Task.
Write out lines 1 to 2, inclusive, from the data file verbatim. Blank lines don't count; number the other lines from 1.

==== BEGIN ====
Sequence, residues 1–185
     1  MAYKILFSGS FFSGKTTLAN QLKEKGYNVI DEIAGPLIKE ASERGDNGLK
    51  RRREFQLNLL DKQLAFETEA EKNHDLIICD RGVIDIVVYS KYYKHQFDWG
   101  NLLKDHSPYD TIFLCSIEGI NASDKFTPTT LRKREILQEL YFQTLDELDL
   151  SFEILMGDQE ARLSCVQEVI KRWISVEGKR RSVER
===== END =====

Sequence, residues 1–185
     1  MAYKILFSGS FFSGKTTLAN QLKEKGYNVI DEIAGPLIKE ASERGDNGLK